Within the Southeast Asian peninsula, no other country has quite achieved the level of perpetual vogue that Thailand has, with the nation ranked in the top ten most-visited countries list for the past decade. Tourists are enchanted by the distinct and cultural uniqueness of the nation, yet the natural warmth radiated by its people offers a strange, reassuring sense of familiarity to strangers.
The only Southeast Asian country to have stayed free from European colonialism and influence is a touristic haven; safety, pristine beaches, an exotic language, renowned hospitality, scrumptious cuisine, a thriving night scene- the list is endless. Such is Thailand’s dominance and individualism as a well-rounded destination that a visiting comedian in 2008 did an entire segment on how ‘The Land of Smiles’ moniker could in fact be perceived as a dry, sarcastic jab from the Thai people to other countries- an untrue statement said wryly for comedic value, but nevertheless grin-inducing.
One area, however, of parallelism that Thailand has with many of its peninsular sisters comes in the form of the nation’s slower fructifying of its digital transformation. Save for Singapore, who has its efficiency and geographical limitations to thank in enacting and realising national policies, nation-wide digital adoption has largely been elusive for the majority of Southeast Asian countries outside their respective capitals. However, this is not to say the Thais have been unambitious or goalless in making progress towards transforming into a digital economy.
Pick And Roll 4.0
The desire to play ball with the rest of Southeast Asia’s movement towards digital adoption can be seen in the Thai government’s fourth industrial transformation policy, appropriately named Thailand 4.0. Thailand 1.0 focused on developing agriculture, 2.0 on light industries and development in the fields of food products and textiles, and 3.0 looked to the production of equipment and automobiles- all three policies came together relatively well to give the nation a reliable economic base to build upon. The latest policy iteration has shifted the country’s gaze on innovation and technology- and rightly so; the Thai e-commerce scenery has been reported to be flourishing, one of the fastest-growing in the region with a 68 per cent online merchandise value increase in 2021, with experts foretelling a further 14 per cent growth by 2025.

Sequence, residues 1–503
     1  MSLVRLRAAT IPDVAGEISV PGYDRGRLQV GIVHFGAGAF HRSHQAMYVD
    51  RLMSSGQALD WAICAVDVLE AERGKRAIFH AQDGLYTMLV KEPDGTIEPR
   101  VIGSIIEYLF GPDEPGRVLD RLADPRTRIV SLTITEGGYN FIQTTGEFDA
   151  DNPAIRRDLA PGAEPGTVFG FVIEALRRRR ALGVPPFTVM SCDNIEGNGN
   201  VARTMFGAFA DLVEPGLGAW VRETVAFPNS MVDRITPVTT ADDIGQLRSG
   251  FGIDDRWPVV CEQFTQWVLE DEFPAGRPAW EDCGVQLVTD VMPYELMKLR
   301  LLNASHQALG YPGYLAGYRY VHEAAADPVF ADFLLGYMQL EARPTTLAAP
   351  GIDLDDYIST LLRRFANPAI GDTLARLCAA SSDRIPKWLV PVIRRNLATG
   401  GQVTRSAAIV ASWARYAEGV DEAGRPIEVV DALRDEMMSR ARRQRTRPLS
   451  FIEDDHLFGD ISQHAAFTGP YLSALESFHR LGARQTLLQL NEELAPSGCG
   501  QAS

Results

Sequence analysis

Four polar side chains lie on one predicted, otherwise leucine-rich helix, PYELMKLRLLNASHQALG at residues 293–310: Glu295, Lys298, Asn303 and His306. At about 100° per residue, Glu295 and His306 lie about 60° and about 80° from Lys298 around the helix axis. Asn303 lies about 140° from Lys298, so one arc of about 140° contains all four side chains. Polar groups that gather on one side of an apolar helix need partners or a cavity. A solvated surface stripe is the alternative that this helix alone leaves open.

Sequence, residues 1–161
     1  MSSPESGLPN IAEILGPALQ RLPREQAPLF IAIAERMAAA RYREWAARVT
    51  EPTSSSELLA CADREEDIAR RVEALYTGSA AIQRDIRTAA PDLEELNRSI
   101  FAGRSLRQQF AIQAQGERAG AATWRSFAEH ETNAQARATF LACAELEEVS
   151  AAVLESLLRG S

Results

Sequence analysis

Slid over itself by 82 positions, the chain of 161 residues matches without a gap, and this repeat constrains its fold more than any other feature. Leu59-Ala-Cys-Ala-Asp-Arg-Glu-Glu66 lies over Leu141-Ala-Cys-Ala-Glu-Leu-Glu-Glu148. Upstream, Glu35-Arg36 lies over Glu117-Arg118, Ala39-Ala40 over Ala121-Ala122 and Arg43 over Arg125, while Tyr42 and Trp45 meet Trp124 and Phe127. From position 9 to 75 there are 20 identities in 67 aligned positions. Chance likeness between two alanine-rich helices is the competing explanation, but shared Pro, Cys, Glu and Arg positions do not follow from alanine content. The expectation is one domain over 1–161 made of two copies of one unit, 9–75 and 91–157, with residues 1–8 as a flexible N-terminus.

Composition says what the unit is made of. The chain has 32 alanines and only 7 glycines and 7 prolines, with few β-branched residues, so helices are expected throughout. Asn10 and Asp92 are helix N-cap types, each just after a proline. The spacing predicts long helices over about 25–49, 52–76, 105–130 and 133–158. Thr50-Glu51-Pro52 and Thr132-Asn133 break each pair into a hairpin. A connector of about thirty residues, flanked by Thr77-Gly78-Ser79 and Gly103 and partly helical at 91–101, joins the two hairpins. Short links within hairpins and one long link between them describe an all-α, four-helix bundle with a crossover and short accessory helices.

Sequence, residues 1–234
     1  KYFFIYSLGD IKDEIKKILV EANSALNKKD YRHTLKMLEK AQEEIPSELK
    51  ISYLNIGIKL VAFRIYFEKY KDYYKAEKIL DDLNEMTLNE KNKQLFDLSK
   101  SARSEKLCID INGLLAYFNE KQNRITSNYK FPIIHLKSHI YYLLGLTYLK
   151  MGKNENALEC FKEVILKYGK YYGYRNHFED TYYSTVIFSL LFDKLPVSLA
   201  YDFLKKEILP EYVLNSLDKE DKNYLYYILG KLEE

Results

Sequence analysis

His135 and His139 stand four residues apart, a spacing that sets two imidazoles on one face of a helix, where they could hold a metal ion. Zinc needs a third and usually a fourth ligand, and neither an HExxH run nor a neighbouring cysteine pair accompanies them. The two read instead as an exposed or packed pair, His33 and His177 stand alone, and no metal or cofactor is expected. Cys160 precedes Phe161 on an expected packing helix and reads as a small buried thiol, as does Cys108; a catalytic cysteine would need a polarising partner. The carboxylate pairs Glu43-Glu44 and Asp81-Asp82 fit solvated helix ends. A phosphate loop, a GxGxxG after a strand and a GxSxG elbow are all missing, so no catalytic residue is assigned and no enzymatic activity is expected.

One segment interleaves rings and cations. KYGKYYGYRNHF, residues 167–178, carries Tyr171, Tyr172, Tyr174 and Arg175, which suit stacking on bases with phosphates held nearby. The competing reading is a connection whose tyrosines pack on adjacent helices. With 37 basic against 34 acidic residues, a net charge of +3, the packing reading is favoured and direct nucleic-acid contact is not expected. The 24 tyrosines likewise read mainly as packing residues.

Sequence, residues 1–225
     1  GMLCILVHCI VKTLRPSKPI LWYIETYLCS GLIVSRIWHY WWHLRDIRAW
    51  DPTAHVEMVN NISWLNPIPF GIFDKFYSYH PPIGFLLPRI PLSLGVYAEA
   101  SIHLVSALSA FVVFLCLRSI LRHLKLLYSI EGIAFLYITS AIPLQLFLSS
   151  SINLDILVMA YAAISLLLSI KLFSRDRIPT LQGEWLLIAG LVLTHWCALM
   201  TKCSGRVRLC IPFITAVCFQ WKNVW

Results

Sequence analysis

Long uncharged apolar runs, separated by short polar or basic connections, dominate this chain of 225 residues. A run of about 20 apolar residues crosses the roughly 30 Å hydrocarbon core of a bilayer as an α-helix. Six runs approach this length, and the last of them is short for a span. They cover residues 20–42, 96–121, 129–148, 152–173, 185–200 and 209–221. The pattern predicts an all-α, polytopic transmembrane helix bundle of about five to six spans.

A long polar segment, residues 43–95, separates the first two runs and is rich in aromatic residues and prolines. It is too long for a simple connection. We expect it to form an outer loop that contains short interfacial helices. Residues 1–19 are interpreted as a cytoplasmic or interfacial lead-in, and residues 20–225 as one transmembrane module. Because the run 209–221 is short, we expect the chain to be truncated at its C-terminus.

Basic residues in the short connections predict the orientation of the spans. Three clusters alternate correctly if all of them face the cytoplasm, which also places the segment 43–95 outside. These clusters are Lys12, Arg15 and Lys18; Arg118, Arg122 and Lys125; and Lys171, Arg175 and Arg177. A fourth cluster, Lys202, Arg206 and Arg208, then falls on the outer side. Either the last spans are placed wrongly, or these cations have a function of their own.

Like any statistic pedestaled optimistically however, comes a flight of challenges. The first is competition. Thailand is growing in e-commerce, digital adoption and of course, data center potential, but so is the rest of Southeast Asia. Singapore comfortably remains the lead of a regional ensemble, followed by Malaysia, Indonesia and recently, Vietnam; other nations have a ways to go in establishing the infrastructure needed to be recognised as an emerging digital space. Going by the number of data center sites, Thailand is trailing Indonesia closely at fourth place, with 16 to Jakarta’s 21.
Digitalisation, integration of 5G services and improved connectivity with fellow Asian countries have all contributed to the healthy narrative of Thailand as an attractive market for investors. The government has capitalised on this as well, with the Thai cabinet granting VAT exemptions for data centers, as long as applications are filed within the next five years and certain criterias are met- all of which are reasonable and ought to be for investors. Already, Google announced last month that a Google Cloud region would be developed in the country, with a tax exemption likely qualifiable.
The move comes about as little surprise, Thailand wants to be breathing down its regional competitors’ necks quickly. The nation has not held their breath in making advantageous decisions either, with the Thai Digital Promotion Agency (DEPA) acquiring assistance from the U.S. Trade and Development Agency (USTDA) to encourage the development of smart city initiatives on Phuket, one of Thailand’s most popular tourist destinations. The island will undergo modernisation of fibre-optic networks, cybersecurity, emergency communications systems, and data servers- an intelligent and welcome digital diagnosis of building on one of Thailand’s strongest sectors.
Even in the field of visa exemptions Thailand’s awareness and competitiveness is present, with the recent announcement of its new Long Term Resident (LTR) visa scheme aimed at attracting highly-skilled foreigners over the next five years rolling out at similar times with Malaysia’s MM2H program and Singapore’s One pass scheme.
Although the constitutionally-monarchical nation has made the right moves in suiting up for a digital transformation through private investment, international collaboration and tax exemption, a lack of specific nation-wide technological skills, sluggish advancement in digital infrastructure and budget constraints threatens to restrict progress as a starched collar on loan. Headway can only be made if existing limitations are dealt with capably, and Thailand looks up for the challenge.